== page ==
[1] For example, Andy Stanley’s recent best seller Irresistible: Reclaiming the New that Jesus Unleashed from the World (Grand Rapids, MI: Zondervan, 2018) promotes “unhitching” the OT from Christianity; and, Calvary Chapel Costa Mesa’s senior pastor Brian Brodersen  highly suggested not preaching from the Old Testament on Sunday mornings. The audio clip of Broderson’s comments can be found Note: the current blog is not an endorsement for this online ministry.
[2] While many English Bibles have translated the word θεόπνευστος (theópneustos) as “inspired by God,” the Greek word is technically a compound stemming two separate words: the noun “God,” and the verb “breathe.” As a result, the original word (used only this one time in the Bible), literally means “God-breathed,” a word far more profound than what comes to mind when Americans think of “inspiration.”
[3]  That Paul also had in mind whatever NT Scriptures were completed by the time he wrote to Timothy is of course entirely plausible. Cf. George W. Knight, New International Greek Testament Commentary: Commentary on the Pastoral Epistles (Grand Rapids, Mi: Eerdmans, 1992), 448.
[4] Thus, Knight, Ibid.,443: “ἱερὰ γράμματα (holy scriptures) is not used elsewhere in the NT and is probably used here because of Timothy’s Jewish background, since the phrase was used among Greek-speaking Jews to designate the OT.”
[5] For example, the faithfulness of God is proved trough the historical accounts and prophecy outlined in the OT. Moreover, the wisdom of God is detailed par excellence throughout the “Wisdom Books” of the OT. Most assuredly, when a pastor cuts out the Proverbs and Psalms from their teaching (the latter of which contains virtually every Christian doctrine in germinal form), they do their flocks a most serious harm by neglecting thousands of years of Christian devotions, hymns, and theology.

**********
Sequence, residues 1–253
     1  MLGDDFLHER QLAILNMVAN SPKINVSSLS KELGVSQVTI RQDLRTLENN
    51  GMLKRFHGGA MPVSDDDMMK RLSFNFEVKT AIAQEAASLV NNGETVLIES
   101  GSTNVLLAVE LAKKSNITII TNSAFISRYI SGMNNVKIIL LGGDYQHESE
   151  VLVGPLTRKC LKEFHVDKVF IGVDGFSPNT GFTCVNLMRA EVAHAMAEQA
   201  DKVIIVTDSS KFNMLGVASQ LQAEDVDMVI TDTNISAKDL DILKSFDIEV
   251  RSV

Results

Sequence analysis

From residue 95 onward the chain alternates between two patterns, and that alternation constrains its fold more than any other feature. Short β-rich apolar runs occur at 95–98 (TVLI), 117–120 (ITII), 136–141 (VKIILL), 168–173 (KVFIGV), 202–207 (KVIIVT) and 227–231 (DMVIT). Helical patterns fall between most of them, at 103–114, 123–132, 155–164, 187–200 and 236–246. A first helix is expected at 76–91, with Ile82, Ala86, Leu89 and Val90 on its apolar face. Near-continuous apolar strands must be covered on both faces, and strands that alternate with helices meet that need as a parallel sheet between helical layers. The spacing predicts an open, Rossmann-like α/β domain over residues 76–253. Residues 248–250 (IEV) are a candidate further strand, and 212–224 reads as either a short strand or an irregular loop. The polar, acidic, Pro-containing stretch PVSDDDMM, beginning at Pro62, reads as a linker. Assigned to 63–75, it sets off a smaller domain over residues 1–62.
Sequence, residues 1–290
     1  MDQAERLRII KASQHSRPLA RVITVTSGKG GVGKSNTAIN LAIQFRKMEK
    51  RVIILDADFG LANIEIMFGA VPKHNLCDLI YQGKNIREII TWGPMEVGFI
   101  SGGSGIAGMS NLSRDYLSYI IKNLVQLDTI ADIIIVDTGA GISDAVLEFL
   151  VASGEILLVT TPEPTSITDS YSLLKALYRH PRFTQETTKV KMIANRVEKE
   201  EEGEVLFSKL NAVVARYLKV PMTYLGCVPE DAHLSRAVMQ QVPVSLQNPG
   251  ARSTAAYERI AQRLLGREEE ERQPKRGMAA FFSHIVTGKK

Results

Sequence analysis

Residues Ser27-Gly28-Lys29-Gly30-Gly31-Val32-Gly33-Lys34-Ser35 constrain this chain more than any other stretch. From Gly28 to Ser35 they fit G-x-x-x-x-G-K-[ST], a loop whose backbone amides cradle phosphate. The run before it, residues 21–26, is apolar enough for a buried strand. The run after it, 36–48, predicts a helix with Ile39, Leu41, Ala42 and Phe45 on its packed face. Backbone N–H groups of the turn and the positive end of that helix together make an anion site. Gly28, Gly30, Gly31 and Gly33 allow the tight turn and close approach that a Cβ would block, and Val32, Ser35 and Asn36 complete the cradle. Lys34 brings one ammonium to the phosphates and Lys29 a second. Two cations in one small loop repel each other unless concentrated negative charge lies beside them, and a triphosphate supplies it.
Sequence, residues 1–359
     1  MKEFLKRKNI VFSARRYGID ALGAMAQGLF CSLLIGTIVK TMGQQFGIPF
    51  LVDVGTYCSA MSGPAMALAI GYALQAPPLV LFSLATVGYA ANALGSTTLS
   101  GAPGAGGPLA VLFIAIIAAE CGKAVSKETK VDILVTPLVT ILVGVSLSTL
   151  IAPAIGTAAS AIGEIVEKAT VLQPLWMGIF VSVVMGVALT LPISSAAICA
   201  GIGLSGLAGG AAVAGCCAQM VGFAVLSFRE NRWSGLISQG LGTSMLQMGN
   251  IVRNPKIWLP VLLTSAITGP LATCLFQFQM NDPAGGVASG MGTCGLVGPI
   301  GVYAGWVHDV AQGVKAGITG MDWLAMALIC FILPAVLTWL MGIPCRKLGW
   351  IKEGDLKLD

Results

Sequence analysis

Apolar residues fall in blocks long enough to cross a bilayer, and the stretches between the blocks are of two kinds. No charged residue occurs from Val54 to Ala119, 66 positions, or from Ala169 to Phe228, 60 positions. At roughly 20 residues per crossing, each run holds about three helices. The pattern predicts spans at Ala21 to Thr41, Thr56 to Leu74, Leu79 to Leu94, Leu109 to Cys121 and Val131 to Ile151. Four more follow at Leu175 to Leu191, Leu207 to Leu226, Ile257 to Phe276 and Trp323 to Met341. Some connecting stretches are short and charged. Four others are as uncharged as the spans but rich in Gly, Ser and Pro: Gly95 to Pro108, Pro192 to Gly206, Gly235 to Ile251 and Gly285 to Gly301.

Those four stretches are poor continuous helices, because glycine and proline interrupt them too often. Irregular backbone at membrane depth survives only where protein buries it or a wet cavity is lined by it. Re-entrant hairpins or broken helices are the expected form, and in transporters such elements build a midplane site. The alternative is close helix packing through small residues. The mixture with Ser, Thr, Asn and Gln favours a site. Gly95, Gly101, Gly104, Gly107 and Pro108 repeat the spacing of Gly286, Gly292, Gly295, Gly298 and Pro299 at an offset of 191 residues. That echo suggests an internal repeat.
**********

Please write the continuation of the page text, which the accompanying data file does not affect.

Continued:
[6] It is noteworthy that Paul here uses the verb ὑποστέλλω (hypostéllō) meaning “to shrink from fear” to describe what a preacher should not do. That Paul was not fearful to declare all of God’s Word to gentiles—indeed, preaching that included the OT—is a lesson for modern day pastors who are more fearful of losing congregants than remaining true to their commission to preach from God’s whole written counsel. In his comments, Brodersen erroneously limits “the whole counsel of God” strictly to the New Testament, and Stanley remarkably limits the value of the OT to mere pragmatics. For a stern and rightly critical review of the latter’s recent book, See David Mappes, “Stanley’s ‘Stanley’s ‘Irresistible’ Is a Dangerous Disappointment,” Regular Baptist Ministries, February 2019,